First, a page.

Adopting From India: Babies Without Borders
While same-sex couples having children is nothing new, there are now more options than ever for those who long to increase the size of their family but are unable to conceive by traditional methods. While lesbians have long utilized artificial insemination to have biological children, gay men have had three options when it comes to raising kids: coparenting with women, adoption, or surrogacy. Fed up with legal headaches and adoption discrimination, many gay and bisexual men have begun thinking outside the box—and out of the country—to fulfill their dreams of becoming parents.
Based in Hyderabad, India, the Kiran Infertility Center has been a leading presence in international surrogacy and infertility for four years, assisting people from 21 countries around the globe. The center offers an all-inclusive surrogacy package for international clients, regardless of nationality or sexual orientation, that handles medical procedures, counseling, lodging, and post-birth legal guidance. As a bonus, there's some local travel and sightseeing, says Samit Sekhar, MD, the clinic's chief embryologist: "The only things intended parents need to do is to inform us of their schedule and arrive in Hyderabad. We take care of the rest."
Sekhar says that unlike at many American clinics, there's no waiting period at Kiran. Once the client signs on, the clinic begins the process by preparing the surrogate and allowing the parents-to-be access to its database of egg donors.
Kiran employs case managers in various cities across the U.S. and Canada (it recently announced its latest addition in Seattle) to assist with medical and other issues and keep clients in the loop with weekly updates. That stateside access offers peace of mind to many would-be dads. And once the baby is born, the clinic provides the legal assistance that helps the new parents obtain a passport and exit visa for their bundle of joy.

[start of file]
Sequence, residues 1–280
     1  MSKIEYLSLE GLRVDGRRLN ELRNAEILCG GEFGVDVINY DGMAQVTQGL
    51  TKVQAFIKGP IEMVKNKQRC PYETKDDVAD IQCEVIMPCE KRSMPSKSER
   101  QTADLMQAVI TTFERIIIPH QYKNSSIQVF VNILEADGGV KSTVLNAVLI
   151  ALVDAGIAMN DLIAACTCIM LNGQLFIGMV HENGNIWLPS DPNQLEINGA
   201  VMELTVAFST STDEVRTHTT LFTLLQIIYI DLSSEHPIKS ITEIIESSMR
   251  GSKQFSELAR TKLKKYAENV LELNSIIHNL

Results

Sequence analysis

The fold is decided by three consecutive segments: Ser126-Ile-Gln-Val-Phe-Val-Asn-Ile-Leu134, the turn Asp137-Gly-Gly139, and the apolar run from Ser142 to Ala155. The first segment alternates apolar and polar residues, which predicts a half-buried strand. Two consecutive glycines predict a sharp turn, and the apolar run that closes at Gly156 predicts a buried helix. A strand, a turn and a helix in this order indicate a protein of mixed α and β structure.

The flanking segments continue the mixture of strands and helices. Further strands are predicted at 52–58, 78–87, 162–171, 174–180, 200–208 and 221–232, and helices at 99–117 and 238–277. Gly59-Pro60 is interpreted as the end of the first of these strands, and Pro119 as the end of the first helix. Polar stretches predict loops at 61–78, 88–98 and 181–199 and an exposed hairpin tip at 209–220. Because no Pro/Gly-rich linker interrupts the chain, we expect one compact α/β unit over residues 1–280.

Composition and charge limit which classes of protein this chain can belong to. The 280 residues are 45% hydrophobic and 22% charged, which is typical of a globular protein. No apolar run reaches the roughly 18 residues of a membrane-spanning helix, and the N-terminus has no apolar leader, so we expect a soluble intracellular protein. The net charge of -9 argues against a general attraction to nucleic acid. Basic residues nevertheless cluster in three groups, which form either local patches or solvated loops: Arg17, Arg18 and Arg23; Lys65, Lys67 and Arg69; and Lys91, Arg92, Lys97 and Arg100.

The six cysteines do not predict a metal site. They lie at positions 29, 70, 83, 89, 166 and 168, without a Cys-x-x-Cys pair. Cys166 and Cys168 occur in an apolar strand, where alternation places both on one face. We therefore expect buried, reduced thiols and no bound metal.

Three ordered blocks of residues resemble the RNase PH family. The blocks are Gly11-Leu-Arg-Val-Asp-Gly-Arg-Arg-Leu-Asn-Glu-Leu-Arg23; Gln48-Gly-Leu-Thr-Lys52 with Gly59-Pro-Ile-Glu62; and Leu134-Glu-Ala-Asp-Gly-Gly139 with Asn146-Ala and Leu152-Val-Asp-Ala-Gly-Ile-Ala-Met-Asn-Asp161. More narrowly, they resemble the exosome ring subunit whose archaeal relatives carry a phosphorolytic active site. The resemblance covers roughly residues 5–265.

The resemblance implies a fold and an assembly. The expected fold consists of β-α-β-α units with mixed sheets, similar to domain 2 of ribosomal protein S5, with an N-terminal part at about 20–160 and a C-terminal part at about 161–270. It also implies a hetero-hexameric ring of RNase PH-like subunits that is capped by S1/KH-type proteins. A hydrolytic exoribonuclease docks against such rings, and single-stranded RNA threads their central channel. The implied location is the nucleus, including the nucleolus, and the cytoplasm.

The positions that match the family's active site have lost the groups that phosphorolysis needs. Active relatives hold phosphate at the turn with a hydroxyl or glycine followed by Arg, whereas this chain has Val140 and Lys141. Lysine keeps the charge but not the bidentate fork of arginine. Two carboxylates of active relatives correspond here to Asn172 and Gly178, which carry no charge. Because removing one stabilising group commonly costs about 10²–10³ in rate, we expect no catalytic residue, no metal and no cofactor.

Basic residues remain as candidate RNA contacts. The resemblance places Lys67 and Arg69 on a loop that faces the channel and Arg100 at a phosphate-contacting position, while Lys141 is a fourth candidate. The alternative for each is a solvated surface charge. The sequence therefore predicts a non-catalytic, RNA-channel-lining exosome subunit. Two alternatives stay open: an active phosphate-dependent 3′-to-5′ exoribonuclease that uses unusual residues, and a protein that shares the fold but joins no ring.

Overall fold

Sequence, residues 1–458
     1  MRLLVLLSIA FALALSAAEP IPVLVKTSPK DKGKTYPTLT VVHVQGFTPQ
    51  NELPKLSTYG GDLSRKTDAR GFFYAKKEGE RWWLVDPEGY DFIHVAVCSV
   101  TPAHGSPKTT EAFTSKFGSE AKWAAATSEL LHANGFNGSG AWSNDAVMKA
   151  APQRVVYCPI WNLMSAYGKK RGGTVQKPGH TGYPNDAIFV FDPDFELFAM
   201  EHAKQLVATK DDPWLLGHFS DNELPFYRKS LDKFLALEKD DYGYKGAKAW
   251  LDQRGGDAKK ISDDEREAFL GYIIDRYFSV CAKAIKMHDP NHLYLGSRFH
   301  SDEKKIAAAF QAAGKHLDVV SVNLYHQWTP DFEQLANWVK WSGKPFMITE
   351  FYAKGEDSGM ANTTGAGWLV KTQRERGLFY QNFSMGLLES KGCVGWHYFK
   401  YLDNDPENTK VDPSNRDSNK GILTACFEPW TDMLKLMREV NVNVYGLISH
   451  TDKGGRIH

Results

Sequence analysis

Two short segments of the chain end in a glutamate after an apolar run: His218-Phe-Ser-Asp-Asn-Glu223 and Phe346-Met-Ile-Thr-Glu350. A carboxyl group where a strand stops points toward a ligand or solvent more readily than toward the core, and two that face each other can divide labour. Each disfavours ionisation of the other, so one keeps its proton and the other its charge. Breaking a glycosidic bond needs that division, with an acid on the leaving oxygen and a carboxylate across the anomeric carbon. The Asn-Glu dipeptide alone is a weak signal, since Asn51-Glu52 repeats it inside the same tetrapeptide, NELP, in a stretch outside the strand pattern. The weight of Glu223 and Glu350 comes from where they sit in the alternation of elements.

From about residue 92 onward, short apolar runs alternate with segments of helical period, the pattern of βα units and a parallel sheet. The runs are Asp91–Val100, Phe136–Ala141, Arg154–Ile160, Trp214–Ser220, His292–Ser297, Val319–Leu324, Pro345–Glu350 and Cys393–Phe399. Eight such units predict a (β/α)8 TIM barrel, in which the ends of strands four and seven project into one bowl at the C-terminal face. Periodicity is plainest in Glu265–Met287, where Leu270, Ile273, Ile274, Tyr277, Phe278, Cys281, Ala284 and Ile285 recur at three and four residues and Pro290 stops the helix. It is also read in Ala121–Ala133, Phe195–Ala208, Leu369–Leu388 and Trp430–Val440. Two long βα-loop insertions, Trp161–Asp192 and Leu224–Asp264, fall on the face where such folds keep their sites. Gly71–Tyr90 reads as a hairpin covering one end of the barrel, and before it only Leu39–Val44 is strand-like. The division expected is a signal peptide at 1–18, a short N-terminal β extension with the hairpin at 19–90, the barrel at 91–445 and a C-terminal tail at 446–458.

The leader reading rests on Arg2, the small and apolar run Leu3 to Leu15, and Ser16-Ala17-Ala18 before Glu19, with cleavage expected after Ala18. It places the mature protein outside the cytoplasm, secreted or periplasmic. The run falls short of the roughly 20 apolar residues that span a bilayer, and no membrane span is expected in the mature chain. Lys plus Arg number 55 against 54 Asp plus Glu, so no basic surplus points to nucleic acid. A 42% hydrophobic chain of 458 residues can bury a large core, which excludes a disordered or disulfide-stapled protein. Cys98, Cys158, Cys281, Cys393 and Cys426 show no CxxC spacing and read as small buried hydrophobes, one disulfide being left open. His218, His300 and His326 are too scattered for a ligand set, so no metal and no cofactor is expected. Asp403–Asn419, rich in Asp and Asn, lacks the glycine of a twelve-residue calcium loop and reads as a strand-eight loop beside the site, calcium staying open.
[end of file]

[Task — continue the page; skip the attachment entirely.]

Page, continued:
The total bill typically comes to $25,000-$40,000, depending on whether the egg donor is a local woman from India or a woman flown in from North America or Europe. It's a far cry from the more typical $80,000 bill for a surrogacy handled in the United States. A U.S. surrogate's fee alone can be up to $25,000, with medical costs, legal fees, additional fees for multiple births, and miscellaneous extras on top of that.
And couples who have previously run into legal or religious barriers while trying to adopt a baby from India needn't fear. Sekhar points out that adoption and surrogacy are two separate legal matters in that country.
"To date, we have not faced any issues regarding surrogacy for same-sex couples from any religious group or from the government," he says. And the proposed Assisted Reproductive Technology Bill 2010, awaiting approval, will codify that surrogacy is available to all couples as long as their relationship is recognized in their own country.